Previewed in full among these very pages last week, and still available, if you haven’t yet delved in yet – I would urge you to do so, if that’s the case – the brilliant Hazel iris has just released her first full length record, and what a little belter it is. There have been many comparisons with Anna Calvi doing the rounds, and while Iris’s soundcapes are a whole lot less dark, they do at least share the same headspace, as evidenced from the outset with the glorious opener, ‘A Prince‘, which perhaps paints her as a more pensive version of Twickenham’s finest, sitting by the river to quietly contemplate the world and all its failings. There’s a lot of dreamy procrastination throughout Nine Sisters, in fact, whether it is whilst chilling at the coffee shop and fantasising about the guy behind the counter at the bagel shop, or staring out at the waves on ‘Bed‘. Often feeling like a woozy fairground ride, the accordian that breaks in here gives this track the aura of a sea shanty, the kind of thing that might have been performed by Mary Hopkin in her heyday.
Sometimes these ponderous instants are reminiscences of the past, at the same time both rueful and grateful, while at other junctures our protagonist is merely taking stock of the present situation, though all three of these trains of thought come together on Nine Sisters‘ impossibly pretty finale ‘Volcano‘. Those recurring, whirling ‘big top’ style musical meanderings are of great appeal, and are redolent of the classic theme tunes of a bygone era, normally for psychological thrillers – like a modern day version of Tales Of The Unexpected, if you will.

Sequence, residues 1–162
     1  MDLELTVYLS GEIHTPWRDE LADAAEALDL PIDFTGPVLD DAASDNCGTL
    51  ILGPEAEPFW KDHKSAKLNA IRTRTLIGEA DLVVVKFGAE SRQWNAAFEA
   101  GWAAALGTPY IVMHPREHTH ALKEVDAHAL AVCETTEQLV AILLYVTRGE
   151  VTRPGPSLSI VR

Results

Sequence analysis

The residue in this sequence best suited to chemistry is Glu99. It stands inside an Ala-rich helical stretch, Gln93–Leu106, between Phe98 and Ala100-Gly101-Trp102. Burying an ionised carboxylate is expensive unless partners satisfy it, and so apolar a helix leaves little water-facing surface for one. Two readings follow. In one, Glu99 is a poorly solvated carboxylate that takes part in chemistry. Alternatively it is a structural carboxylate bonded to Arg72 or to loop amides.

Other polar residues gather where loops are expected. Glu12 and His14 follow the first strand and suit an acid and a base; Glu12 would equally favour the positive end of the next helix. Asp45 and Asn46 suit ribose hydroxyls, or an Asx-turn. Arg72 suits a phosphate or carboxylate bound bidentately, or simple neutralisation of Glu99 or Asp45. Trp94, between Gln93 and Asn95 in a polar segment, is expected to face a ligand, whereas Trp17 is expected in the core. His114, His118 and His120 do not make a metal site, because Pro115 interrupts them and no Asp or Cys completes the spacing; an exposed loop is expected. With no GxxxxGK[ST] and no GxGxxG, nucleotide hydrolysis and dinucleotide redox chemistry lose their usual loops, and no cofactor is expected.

Before that though, there’s a whole lot to love and cherish here, Hazel’s appealingly light-headed vocals always juxtaposing perfectly with the beautifully arranged instrumentation, on the likes of ‘Shatter Me‘, a track that is heavy on chimes and mallets, which according to the writer herself is about a woman who “tried to hide her fragility with quiet sarcasm.” Whether this is meant to be based upon Iris’s own persona I am unsure, but whatever the story – and there seems to be a deep-rooted one here – one thing is for certain: Hazel Iris has created a remarkable piece of work which suggests her place in the limelight is not going to be long in coming.
The independently released Nine Sisters is out now.